When she is young, Daisy blames her mother for mistreating her andher sisters. It is only when Daisy goes through the pain of childbirth thatshe understands what her mother went through while bearing ten childrenagainst her wishes. During the late- nineteenth century, the "risks ofdeath in childbirth increased with each successive birth" (Lewis 1986:153). Elinore practices contraception through placing a bolster betweenherself and her husband on their bed, but he throws it away. She then lockshim out of their bedroom, but, on occasion, he climbs up the drainpipe andthrough the window. When she becomes pregnant for the tenth time, Elinorebathes in boiling water to try to abort the fetus. Under these circumstancesof numerous, inescapable pregnancies, readers can begin to understand whyElinore resents her daughters as well as her husband.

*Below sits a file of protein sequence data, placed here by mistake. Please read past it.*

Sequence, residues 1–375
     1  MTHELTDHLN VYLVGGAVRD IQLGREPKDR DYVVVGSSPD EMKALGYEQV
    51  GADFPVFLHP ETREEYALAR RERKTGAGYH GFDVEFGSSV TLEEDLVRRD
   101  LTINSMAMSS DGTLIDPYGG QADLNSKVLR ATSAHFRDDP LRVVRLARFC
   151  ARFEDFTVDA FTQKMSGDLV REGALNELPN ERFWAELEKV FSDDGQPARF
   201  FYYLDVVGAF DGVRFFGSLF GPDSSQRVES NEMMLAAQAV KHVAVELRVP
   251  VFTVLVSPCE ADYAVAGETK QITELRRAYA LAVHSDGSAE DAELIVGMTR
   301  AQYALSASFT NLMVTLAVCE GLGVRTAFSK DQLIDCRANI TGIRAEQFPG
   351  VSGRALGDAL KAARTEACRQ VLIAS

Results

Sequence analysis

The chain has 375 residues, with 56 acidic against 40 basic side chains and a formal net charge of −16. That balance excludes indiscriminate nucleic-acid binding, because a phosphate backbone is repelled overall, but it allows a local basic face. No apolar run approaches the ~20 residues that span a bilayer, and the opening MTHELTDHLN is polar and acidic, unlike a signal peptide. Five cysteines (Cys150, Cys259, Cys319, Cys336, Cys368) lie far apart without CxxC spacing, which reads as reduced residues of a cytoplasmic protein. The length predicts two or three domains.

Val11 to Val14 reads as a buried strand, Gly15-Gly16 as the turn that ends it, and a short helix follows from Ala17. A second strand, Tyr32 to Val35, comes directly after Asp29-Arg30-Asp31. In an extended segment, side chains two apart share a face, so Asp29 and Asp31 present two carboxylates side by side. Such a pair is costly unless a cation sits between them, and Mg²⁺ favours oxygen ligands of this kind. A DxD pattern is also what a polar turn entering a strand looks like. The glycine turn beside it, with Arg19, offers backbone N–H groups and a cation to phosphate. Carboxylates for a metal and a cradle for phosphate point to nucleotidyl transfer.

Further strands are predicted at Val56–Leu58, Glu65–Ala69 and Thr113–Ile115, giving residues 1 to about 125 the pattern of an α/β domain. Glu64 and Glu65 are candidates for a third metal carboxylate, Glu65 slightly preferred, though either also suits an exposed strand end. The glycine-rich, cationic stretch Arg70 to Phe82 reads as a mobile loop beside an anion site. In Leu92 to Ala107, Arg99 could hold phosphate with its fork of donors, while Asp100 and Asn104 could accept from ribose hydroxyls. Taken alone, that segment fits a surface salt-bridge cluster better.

Home Rule and Holy Pictures mix comedy with tragedy to critiquethe damaging relationships of Elinore and Daisy with their daughters andhusbands. Michael Patrick Gillespie describes "the particularly Irishliterary inclination to integrate comedy (especially when tinged withridicule) into the most tragic of topics" (1996: 121). Boylan may havelearned that technique from Swift, Joyce, Beckett, Molly Keane, and FlannO'Brien. Comedy does not detract from Boylan's fiction'sdepth, however. Mikhail Bakhtin writes that through laughter, "the worldis seen anew, no less (and perhaps more) profoundly than when seen from theserious standpoint" (1968: 66). That may be particularly true for themarginalized woman writer questioning disparities of gender. "From Behn... there exists a tradition of women's comedy informed by and speakingto the experience of being female in a world where that experience isdevalued" (Barreca 1994: 28); in other words, "women's writingof comedy is characterized by its thinly disguised rage" (Barreca 1994:21). In line with this, anger erupts through Boylan's narrator, andespecially during Elinore's speeches. For example, Elinore mixes humorwith resentment when she explains that Danny misunderstood her youthfulallusions to Wuthering Heights: "'Whatever our souls are made of,yours and mine are the same,' I [Elinore] told him. She gave a sourlaugh. 'Do you know what he said?' 'Are you a Catholictoo?'" (HR 30). 041b061a72